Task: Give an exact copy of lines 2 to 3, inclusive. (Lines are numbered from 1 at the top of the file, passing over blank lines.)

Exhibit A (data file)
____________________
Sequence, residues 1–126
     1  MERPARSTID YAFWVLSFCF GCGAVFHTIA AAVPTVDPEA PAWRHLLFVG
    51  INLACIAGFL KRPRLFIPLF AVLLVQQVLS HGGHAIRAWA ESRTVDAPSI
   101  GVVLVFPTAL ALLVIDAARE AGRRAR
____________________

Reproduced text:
     1  MERPARSTID YAFWVLSFCF GCGAVFHTIA AAVPTVDPEA PAWRHLLFVG
    51  INLACIAGFL KRPRLFIPLF AVLLVQQVLS HGGHAIRAWA ESRTVDAPSI